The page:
“Star Wars” is at its Best in The Clone Wars

On “Star Wars” Day, May 4, the final episode of the seventh and final season of “Star Wars: The Clone Wars” was released on Disney +. The show stars Ashley Eckstein as Anakin Skywalker’s former padawan Ahsoka Tano, Dee Bradley Baker as Clone Captain Rex, and Sam Witwer as Maul.


Eric Warner  Staff Writer

On “Star Wars” Day, May 4, the final episode of the seventh and final season of “Star Wars: The Clone Wars” was released on Disney +. The show stars Ashley Eckstein as Anakin Skywalker’s former padawan Ahsoka Tano, Dee Bradley Baker as Clone Captain Rex, and Sam Witwer as Maul.

The final season of “Star Wars: The Clone Wars” is composed of three episodic story arcs within its 12-episode run. The first four episodes encompass the Bad Batch arc wherein Rex seeks the aid of an experimental clone squad and subsequently learns that one of his former comrades may be alive, like a distant echo. The next four episodes encompass Ahsoka’s Walkabout arc wherein, months following Ahsoka’s departure from the Jedi Order back in Season 5, Ahsoka tries to establish herself to civilian life but inadvertently gets caught up in two sisters affairs with a drug cartel. The final four episodes of the series encompass the Siege of Mandalore arc wherein Ahsoka, now in league with the remnants of the Mandalorian Death Watch, led by Bo-Katan, seeks the aid from her former master and the Republic to free Mandalore from Maul and his Underworld Crime Syndicate. Unknown to Ahsoka and her allies, however, during this final arc the galaxy is soon to be changed forever as this story coincides with the events of “Episode III: Revenge of the Sith.”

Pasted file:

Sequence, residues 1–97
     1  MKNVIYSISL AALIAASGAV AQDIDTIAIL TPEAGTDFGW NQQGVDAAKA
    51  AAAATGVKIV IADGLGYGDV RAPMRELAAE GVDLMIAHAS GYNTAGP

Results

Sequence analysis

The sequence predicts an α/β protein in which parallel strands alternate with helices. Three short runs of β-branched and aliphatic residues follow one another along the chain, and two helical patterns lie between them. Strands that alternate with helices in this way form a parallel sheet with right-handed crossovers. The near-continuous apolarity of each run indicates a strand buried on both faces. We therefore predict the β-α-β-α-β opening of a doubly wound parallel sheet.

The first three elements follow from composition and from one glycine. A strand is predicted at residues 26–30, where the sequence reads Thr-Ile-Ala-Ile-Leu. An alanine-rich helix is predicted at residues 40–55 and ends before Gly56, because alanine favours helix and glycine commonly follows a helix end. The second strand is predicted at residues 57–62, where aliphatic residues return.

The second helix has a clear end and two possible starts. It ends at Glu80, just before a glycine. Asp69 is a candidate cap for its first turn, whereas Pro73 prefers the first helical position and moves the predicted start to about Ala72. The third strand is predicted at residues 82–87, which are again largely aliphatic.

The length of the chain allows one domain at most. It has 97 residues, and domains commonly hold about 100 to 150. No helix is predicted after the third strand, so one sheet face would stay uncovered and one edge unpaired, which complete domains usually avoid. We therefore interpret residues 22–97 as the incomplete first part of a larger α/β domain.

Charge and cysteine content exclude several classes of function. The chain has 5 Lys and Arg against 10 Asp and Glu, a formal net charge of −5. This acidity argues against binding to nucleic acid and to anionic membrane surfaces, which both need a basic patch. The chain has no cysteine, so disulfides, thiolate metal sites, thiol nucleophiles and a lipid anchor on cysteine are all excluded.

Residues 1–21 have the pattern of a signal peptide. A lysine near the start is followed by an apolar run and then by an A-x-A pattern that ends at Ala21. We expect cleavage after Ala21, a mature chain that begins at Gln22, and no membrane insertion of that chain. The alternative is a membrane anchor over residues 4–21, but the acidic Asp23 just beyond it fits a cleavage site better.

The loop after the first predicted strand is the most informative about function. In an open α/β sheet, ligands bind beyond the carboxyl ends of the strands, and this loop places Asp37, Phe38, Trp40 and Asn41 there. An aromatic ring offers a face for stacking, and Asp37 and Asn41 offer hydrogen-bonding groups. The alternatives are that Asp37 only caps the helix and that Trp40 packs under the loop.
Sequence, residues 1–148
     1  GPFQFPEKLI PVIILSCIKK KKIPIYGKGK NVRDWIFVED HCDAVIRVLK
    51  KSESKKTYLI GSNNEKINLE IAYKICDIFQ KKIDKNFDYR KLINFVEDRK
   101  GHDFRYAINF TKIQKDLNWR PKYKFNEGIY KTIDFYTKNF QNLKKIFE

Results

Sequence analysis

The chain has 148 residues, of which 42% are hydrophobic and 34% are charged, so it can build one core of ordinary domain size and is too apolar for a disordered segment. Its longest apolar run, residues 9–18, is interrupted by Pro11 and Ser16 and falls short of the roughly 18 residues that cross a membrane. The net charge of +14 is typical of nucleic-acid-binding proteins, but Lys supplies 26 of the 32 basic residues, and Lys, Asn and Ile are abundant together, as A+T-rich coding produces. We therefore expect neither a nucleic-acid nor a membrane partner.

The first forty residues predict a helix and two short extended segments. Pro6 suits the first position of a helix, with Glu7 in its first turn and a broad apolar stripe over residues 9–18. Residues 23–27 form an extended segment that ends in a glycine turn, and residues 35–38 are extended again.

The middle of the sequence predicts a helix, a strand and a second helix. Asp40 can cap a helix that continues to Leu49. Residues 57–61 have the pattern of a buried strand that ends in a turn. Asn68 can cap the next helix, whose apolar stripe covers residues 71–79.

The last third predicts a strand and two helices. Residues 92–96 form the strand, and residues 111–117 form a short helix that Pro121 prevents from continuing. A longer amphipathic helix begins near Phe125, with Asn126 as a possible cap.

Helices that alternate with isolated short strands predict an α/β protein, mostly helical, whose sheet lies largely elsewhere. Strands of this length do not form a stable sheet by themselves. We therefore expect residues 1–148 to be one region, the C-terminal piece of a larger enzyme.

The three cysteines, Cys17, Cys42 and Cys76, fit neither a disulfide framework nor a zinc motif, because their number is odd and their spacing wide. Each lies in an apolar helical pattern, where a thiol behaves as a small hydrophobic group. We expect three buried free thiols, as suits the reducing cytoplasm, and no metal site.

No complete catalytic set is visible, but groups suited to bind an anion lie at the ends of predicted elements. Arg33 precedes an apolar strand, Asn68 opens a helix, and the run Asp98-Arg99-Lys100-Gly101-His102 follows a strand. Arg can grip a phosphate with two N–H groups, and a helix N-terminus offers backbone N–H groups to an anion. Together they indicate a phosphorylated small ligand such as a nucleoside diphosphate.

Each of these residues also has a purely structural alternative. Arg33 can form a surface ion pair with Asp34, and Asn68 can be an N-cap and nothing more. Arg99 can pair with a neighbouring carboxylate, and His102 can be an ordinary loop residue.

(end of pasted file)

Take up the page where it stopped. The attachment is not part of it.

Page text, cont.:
First starting as a theatrical feature film released on Aug. 15, 2008, and then shortly continuing as a weekly series Oct. 2008 on Cartoon Network, the Clone Wars is a computer-animated series taking place during the three-year war period in between “Episode II: Attack of the Clones” and “Episode III: Revenge of the Sith.” The series would go on to have six seasons during its initial six-year run with the series becoming massively successful with critics praising its animation style, writing, music, tone, and characters. It would also go on to win a multitude of Daytime Emmy Awards and Annie Awards. “Clone Wars” would form the basis for all stories and canon in future “Star Wars” media with many of its locations, characters, and themes recurring to films such as “Rogue One and Solo,” games such as “Jedi: Fallen Order” and most heavily the live-action series “The Mandalorian.” 

With the series being created after the creation of Episode III, this show would become “…the last huge expansion of the Star Wars Universe that came directly from George Lucas” according to Lucasfilm Story Group’s Pablo Hidalgo. Every episode had to receive Lucas’s blessing as supervising director, writer, and sometimes voice actor Dave Filoni says before release. Lucas would essentially teach a whole generation of film and television creators with this series with Filoni more or less becoming Lucas’s protégé and direct successor in many respects.